Many people hear the word liquidation and automatically think it is a negative process for businesses that are in trouble and suffering from insolvency.
Richard Simms, Managing Director and Insolvency Practitioner at F A Simms & Partners, explains why you would choose a liquidation process and the difference between a solvent and insolvent liquidation situation.
Why choose a liquidation process?
A liquidation process could be an appropriate solution for a company struggling with insolvency or just looking for a way to close down their solvent business effectively.
For an insolvent company many directors may think that they can trade out of their troubles or just stop trading with the hope of no one noticing; this hardly ever works out. Choosing a liquidation process will ensure all loose ends connected to the company are tied up and will ensure a clean break is provided for all directors and shareholders.
What is a solvent liquidation?
The term “solvent” means that a company’s assets exceed their liabilities and that the company are able to pay all of their creditors in full within 12 months, including statutory interest.
A Members’ Voluntary Liquidation (MVL) is the formal liquidation process which is used to close down the affairs of a solvent company. The alternative process to this is an informal option called Strike Off.
Since the changes to the ESC C16 legislation in 2012, in order for final shareholder distribution of funds that exceed £25,000 to receive automatic capital tax treatment (this is where distributions are classed as capital receipts rather than income) an MVL process will need to be used. This system replaces the former HMRC concession which would have previously been used in order to receive the tax benefits.
These tax benefits are the main reason companies use an MVL process. There is also the possibility of receiving the personal tax relief known as Entrepreneurs’ Relief against the funds. If this relief is available, the tax rate can be reduced down to a low 10%. This tax saving therefore usually outweighs the cost of the liquidation process itself.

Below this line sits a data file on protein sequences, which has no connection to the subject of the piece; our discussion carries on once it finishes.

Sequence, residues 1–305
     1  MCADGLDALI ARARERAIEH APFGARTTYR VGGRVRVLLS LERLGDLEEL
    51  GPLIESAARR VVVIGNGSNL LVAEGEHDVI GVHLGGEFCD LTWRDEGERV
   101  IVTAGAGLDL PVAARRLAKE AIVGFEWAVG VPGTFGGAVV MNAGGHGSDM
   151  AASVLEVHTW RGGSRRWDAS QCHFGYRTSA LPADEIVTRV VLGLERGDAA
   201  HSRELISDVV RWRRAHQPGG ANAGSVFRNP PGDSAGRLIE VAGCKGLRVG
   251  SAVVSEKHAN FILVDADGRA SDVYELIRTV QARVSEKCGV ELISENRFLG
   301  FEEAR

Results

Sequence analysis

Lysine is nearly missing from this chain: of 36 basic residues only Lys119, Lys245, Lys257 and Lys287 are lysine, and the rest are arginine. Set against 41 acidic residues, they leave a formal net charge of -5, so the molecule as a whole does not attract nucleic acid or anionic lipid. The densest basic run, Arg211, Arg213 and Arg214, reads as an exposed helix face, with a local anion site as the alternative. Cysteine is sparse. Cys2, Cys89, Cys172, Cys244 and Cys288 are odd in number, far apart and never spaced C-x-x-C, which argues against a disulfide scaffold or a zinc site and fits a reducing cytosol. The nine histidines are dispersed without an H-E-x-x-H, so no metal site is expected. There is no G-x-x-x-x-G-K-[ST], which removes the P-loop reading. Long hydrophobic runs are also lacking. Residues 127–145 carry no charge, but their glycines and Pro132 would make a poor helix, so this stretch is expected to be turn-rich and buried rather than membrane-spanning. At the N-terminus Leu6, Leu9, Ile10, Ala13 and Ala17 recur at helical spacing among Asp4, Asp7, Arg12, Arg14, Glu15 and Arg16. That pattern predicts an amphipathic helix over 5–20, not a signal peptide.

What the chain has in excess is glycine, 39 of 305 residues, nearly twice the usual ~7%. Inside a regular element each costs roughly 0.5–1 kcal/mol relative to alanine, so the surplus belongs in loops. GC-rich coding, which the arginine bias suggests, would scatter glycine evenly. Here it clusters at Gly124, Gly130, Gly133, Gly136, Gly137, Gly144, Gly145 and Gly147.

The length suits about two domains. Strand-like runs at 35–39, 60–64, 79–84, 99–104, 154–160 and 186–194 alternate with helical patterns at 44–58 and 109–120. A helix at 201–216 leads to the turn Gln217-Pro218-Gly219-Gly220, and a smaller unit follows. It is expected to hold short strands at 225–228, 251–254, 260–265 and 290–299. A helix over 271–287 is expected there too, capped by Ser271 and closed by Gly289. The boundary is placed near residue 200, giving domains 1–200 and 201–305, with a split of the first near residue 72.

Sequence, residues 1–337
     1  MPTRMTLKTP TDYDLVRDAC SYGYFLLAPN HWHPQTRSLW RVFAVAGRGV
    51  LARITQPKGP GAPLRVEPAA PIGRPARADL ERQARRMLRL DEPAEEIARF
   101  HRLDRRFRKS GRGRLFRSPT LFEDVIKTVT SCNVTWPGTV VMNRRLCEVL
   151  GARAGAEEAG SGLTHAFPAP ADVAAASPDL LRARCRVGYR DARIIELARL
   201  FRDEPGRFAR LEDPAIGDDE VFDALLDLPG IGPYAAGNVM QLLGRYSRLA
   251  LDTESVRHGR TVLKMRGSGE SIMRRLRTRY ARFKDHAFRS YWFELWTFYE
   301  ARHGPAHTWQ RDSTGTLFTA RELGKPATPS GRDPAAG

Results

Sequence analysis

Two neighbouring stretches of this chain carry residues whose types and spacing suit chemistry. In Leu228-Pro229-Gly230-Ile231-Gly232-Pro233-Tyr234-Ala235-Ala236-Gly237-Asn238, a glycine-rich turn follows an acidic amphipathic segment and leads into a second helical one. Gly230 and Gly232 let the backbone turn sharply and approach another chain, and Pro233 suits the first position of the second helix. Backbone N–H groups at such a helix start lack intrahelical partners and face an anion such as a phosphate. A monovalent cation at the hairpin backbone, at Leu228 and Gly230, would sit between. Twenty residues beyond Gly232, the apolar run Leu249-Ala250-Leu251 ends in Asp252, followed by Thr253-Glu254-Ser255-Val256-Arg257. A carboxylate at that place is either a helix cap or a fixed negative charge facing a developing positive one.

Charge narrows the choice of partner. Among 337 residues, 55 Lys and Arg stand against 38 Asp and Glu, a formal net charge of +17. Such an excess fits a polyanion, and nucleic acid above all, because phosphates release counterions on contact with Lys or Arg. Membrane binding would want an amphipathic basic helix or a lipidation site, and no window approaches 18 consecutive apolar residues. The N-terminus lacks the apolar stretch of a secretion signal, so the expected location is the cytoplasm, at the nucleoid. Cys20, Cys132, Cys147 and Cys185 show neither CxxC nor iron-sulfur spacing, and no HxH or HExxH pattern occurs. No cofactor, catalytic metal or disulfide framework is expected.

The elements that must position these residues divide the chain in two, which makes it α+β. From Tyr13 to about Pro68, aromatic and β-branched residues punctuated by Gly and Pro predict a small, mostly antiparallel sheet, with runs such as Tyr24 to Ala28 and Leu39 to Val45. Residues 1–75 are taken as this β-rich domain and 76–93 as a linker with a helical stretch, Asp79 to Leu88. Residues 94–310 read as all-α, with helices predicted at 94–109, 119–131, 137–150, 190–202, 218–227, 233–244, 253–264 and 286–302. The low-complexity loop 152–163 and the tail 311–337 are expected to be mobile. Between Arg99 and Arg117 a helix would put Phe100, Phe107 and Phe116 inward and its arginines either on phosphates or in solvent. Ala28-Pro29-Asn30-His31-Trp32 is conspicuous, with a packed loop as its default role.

The process of an MVL is also deemed to be a huge benefit to the directors as it provides the chance to dissolve a company in the correct way and not leave any unattended issues behind. The process can also be seen as a benefit to the accountant as it would provide further chargeable hours of work for them in order to prepare the accounts needed in this process.
What is an insolvent liquidation?
The term “insolvent” means that a company cannot pay their creditors as and when payments are due, and their liabilities exceed their assets.
A Creditors’ Voluntary Liquidation (CVL) is a formal liquidation process used to close down the affairs of an insolvent company.
A CVL is the voluntary liquidation process initiated by the shareholders of the company. It is the process of closing down the insolvent company and selling its assets in order to pay back a pence in the £ distribution to its creditors (if there are funds available for this). This process will require an Insolvency Practitioner to be appointed as liquidator in order to manage and oversee the process accordingly.
This process compared to a court-led liquidation gives the director the flexibility of deciding on whom the Insolvency Practitioner will be. It also offers them the chance to purchase the assets and goodwill of the business at a fair value if they wish to start afresh in a new trading company. This insolvent process is that the director can choose to re-start their business if they so wish by using a CVL as a business rescue process; alternatively they can go ahead with full closure of their company.
The court-led liquidation process is called a Compulsory Liquidation. This process is usually initiated by a disgruntled creditor who is tired of waiting for their payments and so begins legal proceedings to try and obtain the funds they are owed.
For professional free advice with regards to the liquidation procedures mentioned in this article please use the AAT helpline: 01455 555 615. All advice given is free, confidential and offered by one of our 4 Insolvency Practitioners.
Richard Simms is an Insolvency Practitioner at FA Simms.